“The Lazarus Effect” movie review

By Jeff Boudreaux


What do you get when you take one part “Flatliners,” throw in some “Pet Sematary,” add in a whole lot of “Re-Animator,” and sprinkle in cliché’s from a dozen other recent horror films? Well, you’ve got yourself “The Lazarus Effect,” the latest horror opus from Relativity Media and Blumhouse Productions.

This film concerns a group of research scientists led by Frank (Mark Duplass) and Zoe (Olivia Wilde), partners and lovers (sort-of). Along with their crew of Niko (Donald Glover), Clay (Evan Peters) and camerawoman Eva (Sarah Bolger), the group decides to experiment with the medical resurrection of a dead dog, using a newly developed serum dubbed “Lazarus.” While the dog, affectionately named “Rocky” by the group, does manage to return to the land of the living, there are some peculiarities present in his re-awakened condition. He’s plagued by off-and-on aggressiveness, no desire for food, and a serum which hasn’t dissipated, causing his unfortunate brain to work overtime.

While the ethical jury is still out on the fate of this poor canine, our favorite researchers decide to give it another go and Zoe is accidentally electrocuted to death. When all attempts at resuscitation fail, Frank naturally decides that if it worked for Rocky, then he can surely bring Zoe back. Despite the pleas of everyone else in the room, Frank crosses that line and Zoe is brought back to life. However, her readjustment stage makes Rocky’s seem as if he were man’s best friend during a slightly miffed day. She’s certainly not herself, she sees and hears things that aren’t there and is constantly reliving a nightmare from her childhood. Is this Zoe’s version of Hell on Earth? When Frank administers a CT scan, we see that her neural activity is creating pathways throughout her entire brain and it isn’t long before Zoe acts as if she’s the long-lost offspring of “Lucy” and “Carrie,” while threatening destruction to everyone in the research facility.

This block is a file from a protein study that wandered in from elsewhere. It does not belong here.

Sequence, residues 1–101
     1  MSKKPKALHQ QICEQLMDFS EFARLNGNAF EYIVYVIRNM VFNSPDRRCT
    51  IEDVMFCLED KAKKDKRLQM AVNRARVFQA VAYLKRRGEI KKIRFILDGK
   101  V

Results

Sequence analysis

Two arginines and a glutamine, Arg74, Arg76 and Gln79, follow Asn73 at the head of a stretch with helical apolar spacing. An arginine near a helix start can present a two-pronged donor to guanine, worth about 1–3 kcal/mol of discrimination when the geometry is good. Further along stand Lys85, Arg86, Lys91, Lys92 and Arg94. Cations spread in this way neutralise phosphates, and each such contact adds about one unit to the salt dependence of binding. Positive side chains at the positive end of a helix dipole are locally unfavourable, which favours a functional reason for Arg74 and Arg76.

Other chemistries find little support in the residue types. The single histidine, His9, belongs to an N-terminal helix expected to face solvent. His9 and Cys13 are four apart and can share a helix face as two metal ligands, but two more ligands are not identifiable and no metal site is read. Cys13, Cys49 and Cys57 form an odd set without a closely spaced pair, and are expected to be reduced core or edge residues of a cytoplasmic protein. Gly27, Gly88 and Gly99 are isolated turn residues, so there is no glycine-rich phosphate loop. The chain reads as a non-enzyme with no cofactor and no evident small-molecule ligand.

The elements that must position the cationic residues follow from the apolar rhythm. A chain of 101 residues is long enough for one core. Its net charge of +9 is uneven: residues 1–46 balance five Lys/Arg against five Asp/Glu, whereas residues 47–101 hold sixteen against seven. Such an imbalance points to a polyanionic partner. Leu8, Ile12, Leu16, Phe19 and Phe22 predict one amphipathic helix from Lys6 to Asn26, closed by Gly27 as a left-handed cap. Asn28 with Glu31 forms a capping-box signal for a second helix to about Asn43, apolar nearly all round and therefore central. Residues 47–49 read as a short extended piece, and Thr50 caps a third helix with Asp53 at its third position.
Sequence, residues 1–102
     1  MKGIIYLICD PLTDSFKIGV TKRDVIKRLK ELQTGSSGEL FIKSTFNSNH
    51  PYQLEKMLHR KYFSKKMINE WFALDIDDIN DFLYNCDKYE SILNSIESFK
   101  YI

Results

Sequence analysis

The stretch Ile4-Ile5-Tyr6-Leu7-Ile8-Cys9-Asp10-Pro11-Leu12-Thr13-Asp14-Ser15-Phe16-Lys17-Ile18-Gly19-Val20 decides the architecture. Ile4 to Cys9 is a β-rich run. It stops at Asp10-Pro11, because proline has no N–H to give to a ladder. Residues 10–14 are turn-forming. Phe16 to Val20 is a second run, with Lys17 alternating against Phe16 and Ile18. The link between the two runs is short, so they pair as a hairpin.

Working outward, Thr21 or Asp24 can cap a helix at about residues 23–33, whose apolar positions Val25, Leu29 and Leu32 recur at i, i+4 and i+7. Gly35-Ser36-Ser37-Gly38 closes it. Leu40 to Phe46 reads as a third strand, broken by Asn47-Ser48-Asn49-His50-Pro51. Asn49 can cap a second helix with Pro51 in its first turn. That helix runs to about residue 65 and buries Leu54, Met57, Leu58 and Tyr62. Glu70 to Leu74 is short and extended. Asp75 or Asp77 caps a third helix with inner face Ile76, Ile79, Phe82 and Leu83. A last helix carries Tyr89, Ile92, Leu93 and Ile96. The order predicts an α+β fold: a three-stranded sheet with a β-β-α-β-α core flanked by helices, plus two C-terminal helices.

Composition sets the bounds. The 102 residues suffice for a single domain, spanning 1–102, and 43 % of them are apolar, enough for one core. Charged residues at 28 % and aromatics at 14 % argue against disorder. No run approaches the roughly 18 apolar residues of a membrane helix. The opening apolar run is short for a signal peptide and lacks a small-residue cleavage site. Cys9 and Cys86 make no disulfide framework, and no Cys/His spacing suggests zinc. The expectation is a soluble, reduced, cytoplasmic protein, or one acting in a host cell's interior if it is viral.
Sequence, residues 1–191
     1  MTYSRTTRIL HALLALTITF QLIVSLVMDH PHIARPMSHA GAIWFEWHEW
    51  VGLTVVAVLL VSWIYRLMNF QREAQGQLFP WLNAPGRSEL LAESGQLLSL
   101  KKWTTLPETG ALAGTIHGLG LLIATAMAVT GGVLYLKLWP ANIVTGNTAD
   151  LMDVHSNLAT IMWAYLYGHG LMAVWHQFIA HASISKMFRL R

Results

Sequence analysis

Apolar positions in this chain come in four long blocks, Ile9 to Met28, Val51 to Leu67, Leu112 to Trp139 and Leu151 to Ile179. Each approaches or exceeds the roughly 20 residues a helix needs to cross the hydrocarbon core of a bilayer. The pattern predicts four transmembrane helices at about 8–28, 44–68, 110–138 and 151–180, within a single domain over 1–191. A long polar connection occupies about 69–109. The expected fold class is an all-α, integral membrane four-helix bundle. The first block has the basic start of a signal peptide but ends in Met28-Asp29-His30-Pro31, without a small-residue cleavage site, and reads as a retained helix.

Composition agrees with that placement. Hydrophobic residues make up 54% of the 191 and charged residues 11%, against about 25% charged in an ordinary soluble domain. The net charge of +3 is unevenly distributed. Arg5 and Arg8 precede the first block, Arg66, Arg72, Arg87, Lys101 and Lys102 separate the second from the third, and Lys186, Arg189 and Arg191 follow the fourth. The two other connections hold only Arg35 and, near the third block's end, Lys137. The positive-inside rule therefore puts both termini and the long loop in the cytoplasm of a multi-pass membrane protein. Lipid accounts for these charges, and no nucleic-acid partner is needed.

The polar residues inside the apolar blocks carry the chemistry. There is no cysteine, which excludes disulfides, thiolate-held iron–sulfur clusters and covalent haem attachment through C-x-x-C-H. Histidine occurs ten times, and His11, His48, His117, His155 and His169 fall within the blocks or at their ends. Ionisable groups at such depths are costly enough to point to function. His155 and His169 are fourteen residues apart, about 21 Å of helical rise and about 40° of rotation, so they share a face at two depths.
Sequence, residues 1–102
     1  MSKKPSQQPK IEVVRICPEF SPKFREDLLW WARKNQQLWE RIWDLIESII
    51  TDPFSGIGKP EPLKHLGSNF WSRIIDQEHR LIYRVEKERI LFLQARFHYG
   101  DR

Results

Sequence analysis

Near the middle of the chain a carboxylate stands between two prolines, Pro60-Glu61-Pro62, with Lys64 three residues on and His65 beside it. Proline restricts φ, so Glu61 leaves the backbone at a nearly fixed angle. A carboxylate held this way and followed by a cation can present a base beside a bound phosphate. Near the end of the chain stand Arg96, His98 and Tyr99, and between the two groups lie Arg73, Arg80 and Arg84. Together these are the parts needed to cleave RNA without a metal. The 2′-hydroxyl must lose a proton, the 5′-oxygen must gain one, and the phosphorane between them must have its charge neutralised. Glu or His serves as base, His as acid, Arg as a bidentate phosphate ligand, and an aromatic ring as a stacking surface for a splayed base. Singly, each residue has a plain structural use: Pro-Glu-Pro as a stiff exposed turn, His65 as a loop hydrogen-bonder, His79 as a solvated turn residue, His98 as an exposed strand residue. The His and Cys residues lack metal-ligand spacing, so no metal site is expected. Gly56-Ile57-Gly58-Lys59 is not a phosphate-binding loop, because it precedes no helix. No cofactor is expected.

“The Lazarus Effect” has the makings of a good film. Instead, what we get is a mediocre film, albeit an entertaining one. With a very intelligent first half, this film suffers in the second part due to its attempt at being twenty horror movies rolled into one. Seriously, how many times do we have to see the eyes turning black, the little girl standing at the other end of a long hallway, or the demonically-induced crow’s feet on a “possessed” character’s face? This movie had so much better to offer than that, but I will give it proper kudos for a highly original ending that almost makes up for the repetitive drivel in the last half-hour.

What “The Lazarus Effect” does succeed greatly at is its casting. “Indie King” Mark Duplass (Safety Not Guaranteed, The One I Love) gives a refreshing performance as Frank, and the fact that it’s a mainstream movie doesn’t seem to matter in the least! And what else can be said about the beautiful and versatile Olivia Wilde, who elevates every production that she is associated with. She effectively conveys the all-inclusive gamut of emotions that is required of the “post-death” Zoe character, from hysteria to dissociation to the sinister “I’m staring a hole right through you” look! Evan Peters (American Horror Story, X-Men: Days of Future Past) provides some well-balanced comic relief here, and is surely a young actor to watch for in the near future.

This film was directed by David Gelb, a name which may be unfamiliar to most moviegoers, but he filmed a terrific documentary in 2011 by the name of “Jiro Dreams of Sushi.” While I would like to see him at the helm of more top-notch entertainment like that, it is also promising that this talented young filmmaker was given the reins on a conventional property such as “The Lazarus Effect,” and probably rescued this movie from the bad-horror abyss that other recent Blumhouse Productions have been relegated to, such as “Ouija” and “Jessabelle.”

** (two out of four stars)


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